This review was originally penned for the Forbidden Planet Blog

Live long and prosper…

Love this photo of the first lady of Star Trek, Nichelle Nichols, with President Obama; nice to see he can do the Vulcan salute too, I suspect his predecessor Dubyah was still struggling with the notion of opposable thumbs too much to be able to do that. I wonder if he asked her about her encounter with Dr Martin Luther King Jr and how he told her to stay on the original show in the 60s even though she felt her character didn’t get many lines because just having a black face – and a woman too – on prime time TV in the US during that turbulent era, let alone one who was a senior bridge officer, was an important, viisble role model for young coloured Americans. And you didn’t say no to King. (via FP blog via Live for Films)

Hope?

This reworking of Obama’s iconic election campaign poster to show his utter hypocrisy in being a Democratic leader presiding over a country where young teenage student girls get pepper sprayed in the face on their own campus simply for peacefully exercising their right to free assembly and speech, or signing legislation (and very sneakily doing it over New Year when he hoped most wouldn’t notice) that will make it possible for the authorities to arrest and detain not only those pesky foreign radicals and terrorists without proper judicial oversight or charges, but also US citizens. The Land of the Free my fecking arse in parsley sauce…I thought back at election time that the euphoria over Obama’s election was foolish – sure it was better than having Bush there but I thought the hopes people piled on his administration were unrealistic, not to mention foolish and sure enough he has disappointed endlessly since then. Sad to think at the next US election I wouldn’t prefer to see him re-elected because he deserves to be but simply because he is a lesser evil (just) of the rampantly right-wing, Tea Party numpties in the Republican Reptile Party… Sigh…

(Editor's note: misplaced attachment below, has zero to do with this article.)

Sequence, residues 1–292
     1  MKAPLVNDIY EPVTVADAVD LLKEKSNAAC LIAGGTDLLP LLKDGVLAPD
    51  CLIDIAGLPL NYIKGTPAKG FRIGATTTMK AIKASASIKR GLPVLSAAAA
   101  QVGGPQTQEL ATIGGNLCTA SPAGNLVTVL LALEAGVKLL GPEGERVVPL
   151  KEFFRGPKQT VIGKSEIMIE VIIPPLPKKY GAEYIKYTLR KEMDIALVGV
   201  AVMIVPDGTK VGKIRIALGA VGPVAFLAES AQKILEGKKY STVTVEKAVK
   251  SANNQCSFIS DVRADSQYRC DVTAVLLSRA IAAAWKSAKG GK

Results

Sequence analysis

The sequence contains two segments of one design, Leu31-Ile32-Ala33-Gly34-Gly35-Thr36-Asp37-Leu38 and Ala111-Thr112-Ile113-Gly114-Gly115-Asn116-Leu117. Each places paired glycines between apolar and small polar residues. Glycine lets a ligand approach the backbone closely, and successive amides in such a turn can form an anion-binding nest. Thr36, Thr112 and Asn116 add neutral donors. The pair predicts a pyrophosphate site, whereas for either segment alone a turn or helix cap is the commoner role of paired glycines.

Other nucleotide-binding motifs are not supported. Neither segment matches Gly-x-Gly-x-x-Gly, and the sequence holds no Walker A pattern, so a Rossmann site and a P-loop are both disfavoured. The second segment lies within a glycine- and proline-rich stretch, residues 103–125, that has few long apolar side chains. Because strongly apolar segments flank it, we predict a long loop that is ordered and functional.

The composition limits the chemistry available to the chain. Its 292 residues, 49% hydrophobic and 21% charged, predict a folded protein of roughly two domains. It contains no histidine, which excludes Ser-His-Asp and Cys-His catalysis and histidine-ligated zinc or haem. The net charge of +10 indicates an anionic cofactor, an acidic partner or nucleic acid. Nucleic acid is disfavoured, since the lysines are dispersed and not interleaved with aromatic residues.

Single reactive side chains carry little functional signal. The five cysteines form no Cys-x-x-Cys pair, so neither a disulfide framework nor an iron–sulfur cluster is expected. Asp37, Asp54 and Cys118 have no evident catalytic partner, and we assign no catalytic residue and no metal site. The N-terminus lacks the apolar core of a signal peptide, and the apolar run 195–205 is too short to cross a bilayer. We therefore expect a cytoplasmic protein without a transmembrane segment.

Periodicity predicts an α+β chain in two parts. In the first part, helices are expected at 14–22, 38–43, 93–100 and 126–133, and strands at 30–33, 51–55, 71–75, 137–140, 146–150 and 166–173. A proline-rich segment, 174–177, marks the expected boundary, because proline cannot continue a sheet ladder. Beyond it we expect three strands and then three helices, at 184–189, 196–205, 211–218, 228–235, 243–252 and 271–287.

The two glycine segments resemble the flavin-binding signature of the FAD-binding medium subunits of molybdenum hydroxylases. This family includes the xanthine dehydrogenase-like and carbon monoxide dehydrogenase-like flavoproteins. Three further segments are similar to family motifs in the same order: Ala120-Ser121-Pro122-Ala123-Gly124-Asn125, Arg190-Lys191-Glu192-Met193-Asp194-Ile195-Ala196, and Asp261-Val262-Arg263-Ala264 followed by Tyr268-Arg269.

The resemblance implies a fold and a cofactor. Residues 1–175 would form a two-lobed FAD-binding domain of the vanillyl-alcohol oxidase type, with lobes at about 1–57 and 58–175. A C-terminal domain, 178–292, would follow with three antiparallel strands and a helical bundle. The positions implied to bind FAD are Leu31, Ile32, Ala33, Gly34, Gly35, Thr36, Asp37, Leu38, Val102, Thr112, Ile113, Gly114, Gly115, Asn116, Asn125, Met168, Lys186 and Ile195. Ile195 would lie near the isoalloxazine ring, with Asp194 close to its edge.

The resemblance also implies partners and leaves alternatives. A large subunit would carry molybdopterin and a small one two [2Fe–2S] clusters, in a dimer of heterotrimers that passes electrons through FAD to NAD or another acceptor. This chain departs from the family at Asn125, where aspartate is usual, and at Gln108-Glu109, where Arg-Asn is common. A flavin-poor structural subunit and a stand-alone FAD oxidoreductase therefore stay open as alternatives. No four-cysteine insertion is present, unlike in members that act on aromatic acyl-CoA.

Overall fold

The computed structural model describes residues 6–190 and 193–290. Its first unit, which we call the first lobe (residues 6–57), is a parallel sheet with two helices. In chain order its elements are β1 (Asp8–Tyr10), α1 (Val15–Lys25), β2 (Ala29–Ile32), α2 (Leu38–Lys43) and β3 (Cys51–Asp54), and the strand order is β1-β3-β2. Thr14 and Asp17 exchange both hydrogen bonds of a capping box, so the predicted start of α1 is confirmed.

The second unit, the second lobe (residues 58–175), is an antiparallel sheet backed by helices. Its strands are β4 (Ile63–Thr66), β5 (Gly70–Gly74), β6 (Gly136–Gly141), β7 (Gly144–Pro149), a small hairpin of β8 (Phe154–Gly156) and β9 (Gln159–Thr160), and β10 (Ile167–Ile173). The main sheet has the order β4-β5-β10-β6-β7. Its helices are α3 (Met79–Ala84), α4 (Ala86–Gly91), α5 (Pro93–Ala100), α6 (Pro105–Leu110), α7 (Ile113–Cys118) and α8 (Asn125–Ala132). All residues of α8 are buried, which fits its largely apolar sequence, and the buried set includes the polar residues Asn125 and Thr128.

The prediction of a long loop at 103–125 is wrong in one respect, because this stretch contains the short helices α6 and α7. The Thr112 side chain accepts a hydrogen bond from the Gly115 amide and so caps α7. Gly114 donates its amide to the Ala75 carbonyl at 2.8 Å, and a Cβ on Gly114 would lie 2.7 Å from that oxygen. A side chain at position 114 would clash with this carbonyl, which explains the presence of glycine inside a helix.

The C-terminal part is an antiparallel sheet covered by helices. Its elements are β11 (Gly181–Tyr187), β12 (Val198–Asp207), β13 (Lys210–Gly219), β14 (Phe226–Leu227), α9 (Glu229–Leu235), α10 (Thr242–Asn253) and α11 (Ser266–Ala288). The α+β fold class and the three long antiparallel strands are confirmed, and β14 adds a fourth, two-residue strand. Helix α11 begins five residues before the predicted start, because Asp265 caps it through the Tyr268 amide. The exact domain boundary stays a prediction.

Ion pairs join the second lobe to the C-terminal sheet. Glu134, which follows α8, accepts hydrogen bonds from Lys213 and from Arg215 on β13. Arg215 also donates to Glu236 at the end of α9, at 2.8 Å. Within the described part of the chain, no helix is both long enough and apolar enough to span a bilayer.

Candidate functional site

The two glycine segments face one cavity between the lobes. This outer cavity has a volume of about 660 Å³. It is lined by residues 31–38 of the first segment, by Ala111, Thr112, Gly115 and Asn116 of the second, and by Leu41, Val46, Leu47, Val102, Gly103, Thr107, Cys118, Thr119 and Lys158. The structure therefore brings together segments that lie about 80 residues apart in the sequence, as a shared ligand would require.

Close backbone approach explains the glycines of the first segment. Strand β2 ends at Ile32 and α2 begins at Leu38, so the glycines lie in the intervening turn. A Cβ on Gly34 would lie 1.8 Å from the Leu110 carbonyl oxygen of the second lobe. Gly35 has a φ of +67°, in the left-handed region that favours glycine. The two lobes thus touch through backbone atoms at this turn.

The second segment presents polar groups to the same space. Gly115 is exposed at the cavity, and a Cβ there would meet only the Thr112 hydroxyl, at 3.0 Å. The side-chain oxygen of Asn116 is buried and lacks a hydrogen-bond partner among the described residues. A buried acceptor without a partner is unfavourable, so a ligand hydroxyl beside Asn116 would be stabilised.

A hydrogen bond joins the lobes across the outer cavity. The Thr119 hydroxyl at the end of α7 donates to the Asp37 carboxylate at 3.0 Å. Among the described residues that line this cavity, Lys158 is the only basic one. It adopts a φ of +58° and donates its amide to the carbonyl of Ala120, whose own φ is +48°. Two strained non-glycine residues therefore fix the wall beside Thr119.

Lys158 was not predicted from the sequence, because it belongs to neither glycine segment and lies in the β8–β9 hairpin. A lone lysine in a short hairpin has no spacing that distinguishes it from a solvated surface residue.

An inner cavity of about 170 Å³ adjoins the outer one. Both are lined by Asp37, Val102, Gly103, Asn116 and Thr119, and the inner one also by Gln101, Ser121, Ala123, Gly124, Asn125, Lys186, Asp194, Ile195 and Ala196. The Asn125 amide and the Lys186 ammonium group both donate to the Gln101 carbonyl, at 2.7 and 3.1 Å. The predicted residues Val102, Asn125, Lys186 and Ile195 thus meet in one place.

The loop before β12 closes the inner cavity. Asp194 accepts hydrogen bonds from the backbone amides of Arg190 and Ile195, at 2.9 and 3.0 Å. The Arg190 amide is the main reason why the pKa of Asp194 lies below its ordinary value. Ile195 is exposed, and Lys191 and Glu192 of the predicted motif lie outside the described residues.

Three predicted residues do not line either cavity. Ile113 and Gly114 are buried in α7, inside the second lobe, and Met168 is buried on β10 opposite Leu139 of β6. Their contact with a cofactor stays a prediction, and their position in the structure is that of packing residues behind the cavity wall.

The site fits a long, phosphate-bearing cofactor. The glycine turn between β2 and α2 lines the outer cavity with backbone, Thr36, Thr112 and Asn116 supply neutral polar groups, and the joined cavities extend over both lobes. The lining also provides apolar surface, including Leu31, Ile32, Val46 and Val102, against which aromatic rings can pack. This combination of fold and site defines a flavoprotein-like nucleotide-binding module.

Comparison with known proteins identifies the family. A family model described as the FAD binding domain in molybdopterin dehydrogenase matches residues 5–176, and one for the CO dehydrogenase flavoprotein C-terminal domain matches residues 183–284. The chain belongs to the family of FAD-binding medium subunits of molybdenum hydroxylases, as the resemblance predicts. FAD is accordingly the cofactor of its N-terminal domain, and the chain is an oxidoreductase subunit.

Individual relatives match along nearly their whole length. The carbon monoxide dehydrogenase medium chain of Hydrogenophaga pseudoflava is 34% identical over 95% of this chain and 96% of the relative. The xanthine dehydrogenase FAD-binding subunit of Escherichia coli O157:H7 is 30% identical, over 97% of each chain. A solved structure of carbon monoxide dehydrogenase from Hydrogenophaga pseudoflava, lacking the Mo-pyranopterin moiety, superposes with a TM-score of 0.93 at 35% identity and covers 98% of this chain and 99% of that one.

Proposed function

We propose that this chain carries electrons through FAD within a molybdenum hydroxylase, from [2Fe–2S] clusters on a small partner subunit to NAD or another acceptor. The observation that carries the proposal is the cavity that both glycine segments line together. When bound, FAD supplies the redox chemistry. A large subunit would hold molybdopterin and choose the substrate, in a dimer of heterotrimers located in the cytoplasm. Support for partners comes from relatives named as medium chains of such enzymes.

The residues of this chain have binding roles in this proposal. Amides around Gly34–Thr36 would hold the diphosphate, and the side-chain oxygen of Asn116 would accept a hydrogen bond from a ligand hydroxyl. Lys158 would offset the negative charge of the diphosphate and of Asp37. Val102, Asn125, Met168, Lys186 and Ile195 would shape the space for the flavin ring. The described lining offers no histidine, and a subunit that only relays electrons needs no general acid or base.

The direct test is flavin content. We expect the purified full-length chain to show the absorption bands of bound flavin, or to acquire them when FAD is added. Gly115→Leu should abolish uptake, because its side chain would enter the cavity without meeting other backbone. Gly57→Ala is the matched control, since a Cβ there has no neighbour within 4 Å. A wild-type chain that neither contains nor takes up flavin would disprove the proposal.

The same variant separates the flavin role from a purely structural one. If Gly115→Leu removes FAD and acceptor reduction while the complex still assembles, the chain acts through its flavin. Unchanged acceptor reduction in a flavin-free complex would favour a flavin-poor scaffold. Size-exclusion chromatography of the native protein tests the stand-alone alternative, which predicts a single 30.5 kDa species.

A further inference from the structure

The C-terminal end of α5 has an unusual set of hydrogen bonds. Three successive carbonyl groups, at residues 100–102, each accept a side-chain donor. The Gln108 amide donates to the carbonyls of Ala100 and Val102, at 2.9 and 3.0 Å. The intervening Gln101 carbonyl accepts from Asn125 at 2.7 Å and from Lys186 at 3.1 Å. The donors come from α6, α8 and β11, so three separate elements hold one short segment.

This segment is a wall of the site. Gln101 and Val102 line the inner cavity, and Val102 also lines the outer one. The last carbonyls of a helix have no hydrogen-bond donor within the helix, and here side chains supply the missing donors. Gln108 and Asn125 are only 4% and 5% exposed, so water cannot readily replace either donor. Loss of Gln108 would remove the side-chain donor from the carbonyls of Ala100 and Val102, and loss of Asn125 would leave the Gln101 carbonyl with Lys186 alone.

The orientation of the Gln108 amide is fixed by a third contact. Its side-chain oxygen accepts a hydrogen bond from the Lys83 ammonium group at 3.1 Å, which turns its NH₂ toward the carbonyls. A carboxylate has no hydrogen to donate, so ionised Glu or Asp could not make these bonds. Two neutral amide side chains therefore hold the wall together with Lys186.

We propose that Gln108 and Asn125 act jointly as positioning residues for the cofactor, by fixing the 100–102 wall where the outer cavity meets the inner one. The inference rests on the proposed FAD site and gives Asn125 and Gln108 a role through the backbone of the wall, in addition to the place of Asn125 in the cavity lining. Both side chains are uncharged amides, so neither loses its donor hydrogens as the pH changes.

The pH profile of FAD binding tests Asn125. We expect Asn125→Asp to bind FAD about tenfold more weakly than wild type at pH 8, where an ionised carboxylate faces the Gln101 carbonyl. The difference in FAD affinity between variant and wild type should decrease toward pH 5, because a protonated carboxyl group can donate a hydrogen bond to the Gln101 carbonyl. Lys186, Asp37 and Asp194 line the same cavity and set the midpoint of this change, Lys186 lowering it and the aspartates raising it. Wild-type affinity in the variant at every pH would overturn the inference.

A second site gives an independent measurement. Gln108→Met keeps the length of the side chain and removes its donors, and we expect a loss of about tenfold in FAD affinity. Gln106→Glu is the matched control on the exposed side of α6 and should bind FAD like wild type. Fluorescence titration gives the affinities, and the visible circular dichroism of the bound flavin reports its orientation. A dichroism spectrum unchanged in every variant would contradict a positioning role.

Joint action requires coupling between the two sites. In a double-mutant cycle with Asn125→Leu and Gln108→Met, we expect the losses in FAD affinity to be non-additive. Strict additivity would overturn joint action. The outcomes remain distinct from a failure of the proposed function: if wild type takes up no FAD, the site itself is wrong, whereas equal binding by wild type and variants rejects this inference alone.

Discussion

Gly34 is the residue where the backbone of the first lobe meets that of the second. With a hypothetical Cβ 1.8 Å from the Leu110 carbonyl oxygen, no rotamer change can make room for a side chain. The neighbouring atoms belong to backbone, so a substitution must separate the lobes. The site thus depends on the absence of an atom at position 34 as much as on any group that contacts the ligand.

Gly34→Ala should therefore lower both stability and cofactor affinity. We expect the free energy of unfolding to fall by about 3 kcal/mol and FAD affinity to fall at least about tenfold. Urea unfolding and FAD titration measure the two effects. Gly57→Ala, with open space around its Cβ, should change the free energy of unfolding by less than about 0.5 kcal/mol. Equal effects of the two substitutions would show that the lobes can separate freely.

Midway